Forgiving and Forgetting
When Peter's dad died, it was after a long, drawn-out illness. We'd been expecting it for several years and actively preparing for it for at least six months. The post that I wrote about Tom pretty much wrote itself, since my mind had been turning it over for so long.
When Peter got a middle of the night phone call on Thursday morning, I wasn't prepared for the news that his mother was dying. Nóirín had suffered from dementia for several years, but she seemed physically healthy enough to live for years. No one thought she'd go from healthy to dead in less than 36 hours, but it was the kindest, most merciful end one could hope for. Enough time to talk to her daughters on the phone and have her sons by her side, but not enough time to fret or suffer.
My relationship with Nóirín could have been a disaster. I arrived from the States, an interloper with the potential to steal her son away from her. Peter had been a surprise, a late-in-life baby whom Nóirín believed was sent from heaven by her own mother. She wanted the best for him and didn't think that dropping out of college and shacking up with some stranger qualified. She could have done a thousand things to try to split us up.
Instead, Nóirín invited us over for lunch. Tom was on a business trip and Nóirín decided she wanted to get to know me. Nóirín was charming, welcoming and managed to put me at ease, even though I knew that she was concerned about my relationship with her son. The first lunch opened the door for weekly dinners at their house with Tom and her. By putting Peter first, we were all able to muddle through.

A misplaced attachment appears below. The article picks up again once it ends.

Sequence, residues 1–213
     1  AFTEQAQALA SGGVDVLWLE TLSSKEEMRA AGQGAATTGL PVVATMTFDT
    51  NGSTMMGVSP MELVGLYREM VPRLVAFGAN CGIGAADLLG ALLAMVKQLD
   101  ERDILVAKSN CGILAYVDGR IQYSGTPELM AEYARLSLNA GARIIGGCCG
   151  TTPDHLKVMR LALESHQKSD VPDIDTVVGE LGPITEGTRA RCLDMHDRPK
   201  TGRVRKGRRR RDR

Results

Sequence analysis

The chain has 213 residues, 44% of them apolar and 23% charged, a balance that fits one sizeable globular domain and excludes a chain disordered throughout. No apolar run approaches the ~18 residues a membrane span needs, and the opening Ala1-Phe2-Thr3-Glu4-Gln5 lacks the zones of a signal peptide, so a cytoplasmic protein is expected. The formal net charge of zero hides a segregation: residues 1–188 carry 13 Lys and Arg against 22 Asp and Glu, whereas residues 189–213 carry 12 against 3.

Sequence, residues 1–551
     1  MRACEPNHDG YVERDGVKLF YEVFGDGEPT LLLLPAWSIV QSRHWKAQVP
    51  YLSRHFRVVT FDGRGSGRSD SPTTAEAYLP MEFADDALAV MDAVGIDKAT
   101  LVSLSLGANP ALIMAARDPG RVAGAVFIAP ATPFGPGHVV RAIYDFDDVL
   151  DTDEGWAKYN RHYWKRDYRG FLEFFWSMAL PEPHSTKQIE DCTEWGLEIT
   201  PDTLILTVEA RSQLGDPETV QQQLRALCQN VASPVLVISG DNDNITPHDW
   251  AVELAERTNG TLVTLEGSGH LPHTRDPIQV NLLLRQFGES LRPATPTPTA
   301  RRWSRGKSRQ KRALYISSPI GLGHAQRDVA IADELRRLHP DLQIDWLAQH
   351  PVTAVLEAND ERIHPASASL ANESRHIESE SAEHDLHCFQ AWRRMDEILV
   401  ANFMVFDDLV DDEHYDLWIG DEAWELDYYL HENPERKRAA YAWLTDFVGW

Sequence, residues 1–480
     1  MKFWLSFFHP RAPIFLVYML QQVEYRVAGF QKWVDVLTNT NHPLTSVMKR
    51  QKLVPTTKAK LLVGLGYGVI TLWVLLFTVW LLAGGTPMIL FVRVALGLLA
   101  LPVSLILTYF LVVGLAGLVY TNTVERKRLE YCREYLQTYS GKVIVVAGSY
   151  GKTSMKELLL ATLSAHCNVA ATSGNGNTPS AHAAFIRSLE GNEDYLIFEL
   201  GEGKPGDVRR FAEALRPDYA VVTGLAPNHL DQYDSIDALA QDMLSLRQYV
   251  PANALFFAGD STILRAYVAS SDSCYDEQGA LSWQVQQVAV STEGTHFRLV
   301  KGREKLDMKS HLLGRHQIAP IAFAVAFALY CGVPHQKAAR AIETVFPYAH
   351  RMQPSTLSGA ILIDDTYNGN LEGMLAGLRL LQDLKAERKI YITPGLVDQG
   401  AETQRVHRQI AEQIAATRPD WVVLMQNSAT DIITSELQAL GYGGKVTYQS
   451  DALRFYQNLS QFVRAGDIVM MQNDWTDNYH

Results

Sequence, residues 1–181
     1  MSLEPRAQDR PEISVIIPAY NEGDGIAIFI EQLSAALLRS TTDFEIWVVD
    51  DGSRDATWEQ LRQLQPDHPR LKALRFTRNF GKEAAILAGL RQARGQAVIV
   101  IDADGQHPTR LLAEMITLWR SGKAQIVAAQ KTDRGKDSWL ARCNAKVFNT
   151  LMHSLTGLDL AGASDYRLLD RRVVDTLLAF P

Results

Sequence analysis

What could have been a disaster grew, in time, to a warm familial relationship. Like all families, we had our disagreements and less than admirable moments, but we were always able to move on. Nóirín was able to forgive me for the disruption I had caused and, in time, she forgot her objections and realised I might be the right one for her son. Loving your own children is easy. Truly loving and accepting your children's spouses must be tough but Tom and Nóirín set an example that I can only hope to live up to if we ever have children.
When the time came to have our big church wedding, Nóirín and Tom arranged an evening party in their home, so their family could meet my family. While I'm sure Nóirín worried about the party going perfectly and everyone having a good time, she didn't show it on the night.
She had a special talent for interacting with people, for lighting up and making you feel like you were the most interesting and special person in the world. As a reclusive socialphobe, I could only watch in awe as Nóirín charmed my brothers and bonded with my parents. My family still talks about that evening and how much fun they had, all because of Nóirín.
Dementia is a cruel condition that robs you of your mind and self. Nóirín biggest problem was with language, particularly speaking. Sometimes she would just pour out great jumbles of words that seemed almost meaningless. Other times, her meaning was more clear, but the words were mixed up. It was heart-breaking to witness. But dementia is also strange, in that it's almost like a curtain and every once in a while, a random gust of wind will blow the curtain aside and give you a glimpse of the person inside.
In the middle of the night on the eve of Tom's funeral, Nóirín came into my room. I think she was looking for Peter's sister Ciara and was not expecting to find me. "Who are you?" she asked me as she sat down the edge of the bed. "I'm Ann, Peter's wife," I told her.
"Oh yes, he's a lovely boy. I just... I just don't know what to do. Can you tell me what to do?" Nóirín knew that Tom was dead, she knew that the funeral was in the morning, and she was anxious. I took her downstairs and made her tea and toast, then sat with her while she ate. When she was finished, she announced that she was ready to go back to sleep.
Upstairs, in the hallway outside her door, she gave me a big hug. Her smile lit her whole face as she told me "Thank you so much. You're a darling girl. I'll never forgive you."
Goodbye, Nóirín. I'll never forget you either.